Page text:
The School of Archaeological and Forensic Sciences uniquely integrates Archaeological Sciences, Biological Anthropology, Cultural Archaeology and Forensic Sciences to further the study of people, their society and their environments in the present and the past. Our approach is profoundly multidisciplinary and interdisciplinary, bridging the sciences and the humanities.
This vision is promoted through the school's specialist groups including the Biological Anthropology Research Centre, the Stable Isotope Centre and Bradford Visualisation, the university centre where archaeologists and forensic scientists use the latest technologies to capture, image, analyse and disseminate every aspect of archaeological activity. From digital objects to landscapes, geophysics, GIS and the creation of virtual environments, Together the School promotes provides new ways to see and understand our past, present and future and uses leading research to inform teaching at undergraduate and postgraduate levels.
Chair in Forensic and Archaeological Sciences
Andrew was appointed initially as Research Investment Lecturer (2007), as Lecturer in Forensic & Archaeological Sciences (2010) and as Senior Lecturer in Forensic & Archaeological Sciences (2012). He was awarded a Chair in 2019. He is Fellow of the Higher Education Academy and holds an academic teaching qualification, PGCert in Higher Education Practice (Bradford - 2011). He was appointed to Corporate Membership (MIfA) of the Institute for Archaeologists (2010) and is a member of the IfA Expert Panel in Forensic Archaeology having undertaken casework since 2001.
Andrew has attracted research funding from the Wellcome Trust, AHRC, EPSRC, Jisc and HEIF. He co-directs the RKT hub ‘Bradford Visualisation’ (with Chris Gaffney). He has led major interdisciplinary projects in the Digital Humanities, including ‘Digitised Diseases’ (with Co-Is Jo Buckberry, Chris Gaffney and Hassan Ugail), ‘From Cemetery to Clinic’ (with Co-Is Jo Buckberry, Chris Gaffney and Hassan Ugail) and ‘Visualising Animal Hard Tissues’ (with Co-Is Sonia O’Connor, Rob Janaway and Hassan Ugail). He is Co-I on the AHRC Theme Large Grant ‘Fragmented Heritage’ (as part of the core management team with PI Randy Donahue and project manager Adrian Evans). He has publications in numerous journals including Nature, Science, PNAS and Current Biology. He has had successful MPhil and PhD completions from funded, sponsored and self-financed sources.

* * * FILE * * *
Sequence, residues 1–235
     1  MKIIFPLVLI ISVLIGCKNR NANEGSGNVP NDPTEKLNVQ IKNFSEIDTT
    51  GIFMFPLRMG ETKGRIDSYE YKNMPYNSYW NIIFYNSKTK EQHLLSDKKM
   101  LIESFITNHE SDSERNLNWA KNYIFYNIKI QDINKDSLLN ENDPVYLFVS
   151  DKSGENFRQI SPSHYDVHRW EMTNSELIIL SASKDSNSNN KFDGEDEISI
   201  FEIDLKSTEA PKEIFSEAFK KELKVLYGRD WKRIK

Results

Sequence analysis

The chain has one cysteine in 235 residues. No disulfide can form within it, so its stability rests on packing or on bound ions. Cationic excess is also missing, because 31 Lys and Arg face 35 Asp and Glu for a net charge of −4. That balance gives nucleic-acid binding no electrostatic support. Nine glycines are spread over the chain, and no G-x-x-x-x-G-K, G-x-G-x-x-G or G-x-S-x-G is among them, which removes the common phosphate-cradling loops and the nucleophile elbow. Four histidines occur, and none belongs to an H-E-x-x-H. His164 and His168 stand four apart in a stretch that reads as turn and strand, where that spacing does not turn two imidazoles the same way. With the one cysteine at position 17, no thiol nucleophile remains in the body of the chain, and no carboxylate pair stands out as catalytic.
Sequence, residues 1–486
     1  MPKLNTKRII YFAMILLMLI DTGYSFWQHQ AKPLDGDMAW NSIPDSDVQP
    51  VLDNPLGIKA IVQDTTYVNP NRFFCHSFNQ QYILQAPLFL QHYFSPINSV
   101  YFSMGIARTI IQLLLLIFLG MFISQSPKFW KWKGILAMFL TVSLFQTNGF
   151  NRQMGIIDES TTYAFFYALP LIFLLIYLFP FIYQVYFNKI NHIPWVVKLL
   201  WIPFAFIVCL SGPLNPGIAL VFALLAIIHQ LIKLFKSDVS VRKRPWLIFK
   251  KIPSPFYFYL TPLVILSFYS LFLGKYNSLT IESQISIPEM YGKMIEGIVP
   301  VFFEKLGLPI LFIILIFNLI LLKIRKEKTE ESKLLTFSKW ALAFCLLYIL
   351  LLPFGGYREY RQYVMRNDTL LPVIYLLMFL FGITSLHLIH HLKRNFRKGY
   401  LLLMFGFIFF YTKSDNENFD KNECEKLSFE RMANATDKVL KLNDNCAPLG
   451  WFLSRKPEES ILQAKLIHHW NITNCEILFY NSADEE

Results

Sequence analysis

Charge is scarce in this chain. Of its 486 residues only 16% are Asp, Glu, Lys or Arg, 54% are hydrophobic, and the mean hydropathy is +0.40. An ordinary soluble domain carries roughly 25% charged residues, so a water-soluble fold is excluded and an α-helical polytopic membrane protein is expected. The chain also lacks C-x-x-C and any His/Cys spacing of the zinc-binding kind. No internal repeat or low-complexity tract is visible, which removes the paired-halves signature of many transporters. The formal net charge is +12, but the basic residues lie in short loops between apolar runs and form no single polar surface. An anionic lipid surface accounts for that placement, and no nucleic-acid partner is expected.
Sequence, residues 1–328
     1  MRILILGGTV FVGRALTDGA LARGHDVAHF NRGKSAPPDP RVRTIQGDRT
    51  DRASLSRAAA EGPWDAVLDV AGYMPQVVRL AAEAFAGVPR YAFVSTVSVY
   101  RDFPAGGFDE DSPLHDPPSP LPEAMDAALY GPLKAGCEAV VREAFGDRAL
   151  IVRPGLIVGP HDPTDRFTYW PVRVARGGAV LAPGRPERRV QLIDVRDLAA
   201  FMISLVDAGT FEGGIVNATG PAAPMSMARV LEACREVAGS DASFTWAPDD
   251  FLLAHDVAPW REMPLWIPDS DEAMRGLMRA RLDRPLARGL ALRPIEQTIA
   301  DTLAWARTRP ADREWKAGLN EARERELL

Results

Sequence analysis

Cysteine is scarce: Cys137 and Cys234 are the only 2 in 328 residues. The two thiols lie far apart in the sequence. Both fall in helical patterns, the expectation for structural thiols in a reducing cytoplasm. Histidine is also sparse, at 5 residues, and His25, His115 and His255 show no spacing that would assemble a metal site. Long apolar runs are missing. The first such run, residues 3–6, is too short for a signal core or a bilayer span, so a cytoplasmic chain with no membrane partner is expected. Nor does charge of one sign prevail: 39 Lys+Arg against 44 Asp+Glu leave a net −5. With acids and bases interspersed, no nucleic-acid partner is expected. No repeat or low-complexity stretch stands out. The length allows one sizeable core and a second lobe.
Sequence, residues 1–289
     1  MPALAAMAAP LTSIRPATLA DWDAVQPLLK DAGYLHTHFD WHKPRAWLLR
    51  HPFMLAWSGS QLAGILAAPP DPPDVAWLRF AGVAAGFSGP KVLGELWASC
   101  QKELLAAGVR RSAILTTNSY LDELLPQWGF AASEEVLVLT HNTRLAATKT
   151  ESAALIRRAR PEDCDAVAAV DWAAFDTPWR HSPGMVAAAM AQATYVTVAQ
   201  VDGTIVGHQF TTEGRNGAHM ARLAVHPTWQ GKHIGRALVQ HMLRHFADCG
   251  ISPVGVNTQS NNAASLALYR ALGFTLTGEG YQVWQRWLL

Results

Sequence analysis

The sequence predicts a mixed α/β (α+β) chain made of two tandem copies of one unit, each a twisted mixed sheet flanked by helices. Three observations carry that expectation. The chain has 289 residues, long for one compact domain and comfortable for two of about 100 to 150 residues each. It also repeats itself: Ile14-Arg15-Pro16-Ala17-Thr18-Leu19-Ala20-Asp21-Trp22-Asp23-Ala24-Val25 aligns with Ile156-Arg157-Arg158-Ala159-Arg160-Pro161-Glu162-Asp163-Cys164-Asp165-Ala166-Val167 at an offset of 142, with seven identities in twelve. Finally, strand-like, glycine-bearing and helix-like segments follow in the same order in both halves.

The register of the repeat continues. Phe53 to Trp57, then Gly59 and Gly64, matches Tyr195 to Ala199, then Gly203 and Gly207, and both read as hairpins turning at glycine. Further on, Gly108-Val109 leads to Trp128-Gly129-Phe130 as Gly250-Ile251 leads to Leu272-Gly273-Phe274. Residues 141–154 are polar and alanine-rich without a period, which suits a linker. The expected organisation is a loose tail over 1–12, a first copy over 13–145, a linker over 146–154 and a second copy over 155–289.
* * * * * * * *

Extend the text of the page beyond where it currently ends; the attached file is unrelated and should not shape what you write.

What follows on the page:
Andrew has wide-ranging interests in Biological Anthropology, Archaeological Science and Forensic Science. He first worked in field archaeology in Sussex in 1988. Initially he trained at the Institute of Archaeology and gained a First Class Honours BSc in Archaeological Conservation (UCL – 1991-94), with internships at the Ancient Monuments Laboratory and Wiltshire County Council Conservation Lab. On graduation he worked as conservator and field archaeologist for South Eastern Archaeological Services before the opportunity to work as a research intern at the Conservation Analytical Laboratory, Smithsonian Institution in Washington DC with Noreen Tuross (1995-96). He returned to the UK and gained a Distinction with his MSc Osteology, Palaeopathology & Funerary Archaeology on the original Sheffield-Bradford human osteology course (Bradford – 1996-97).
A year as Contracts Conservator at the Wiltshire County Council Conservation Service saw him undertake the Conservation of the South Cadbury Shield, which won the Museums & Galleries Commission National Conservation Award, amongst other projects (1998-99). He then returned to the University of Bradford for his Wellcome-Trust Prize PhD in Bioarchaeology (Bradford – 1999-2002).
Postdoctoral research initially included a six month project examining the impact of agrochemicals on the corrosion of metal artefacts (English Heritage), a three year Bioarchaeology Fellowship examining high resolution diet and seasonality information from hair (Wellcome Trust Bioarchaeology Programme) and a one year Fellowship examining the source, trade and exchange of textiles and their raw materials in Southern Peru (AHRC RCTCTS).